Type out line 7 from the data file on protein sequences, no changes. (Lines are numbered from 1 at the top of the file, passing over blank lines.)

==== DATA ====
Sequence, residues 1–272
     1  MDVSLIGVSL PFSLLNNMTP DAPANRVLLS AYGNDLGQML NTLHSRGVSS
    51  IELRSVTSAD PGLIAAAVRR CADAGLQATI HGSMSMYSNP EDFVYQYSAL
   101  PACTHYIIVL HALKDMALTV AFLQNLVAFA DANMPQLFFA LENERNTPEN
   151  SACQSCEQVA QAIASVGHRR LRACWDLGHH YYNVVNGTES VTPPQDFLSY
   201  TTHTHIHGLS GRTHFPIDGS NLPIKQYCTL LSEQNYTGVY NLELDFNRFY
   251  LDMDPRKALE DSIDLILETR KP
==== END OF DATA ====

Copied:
   251  LDMDPRKALE DSIDLILETR KP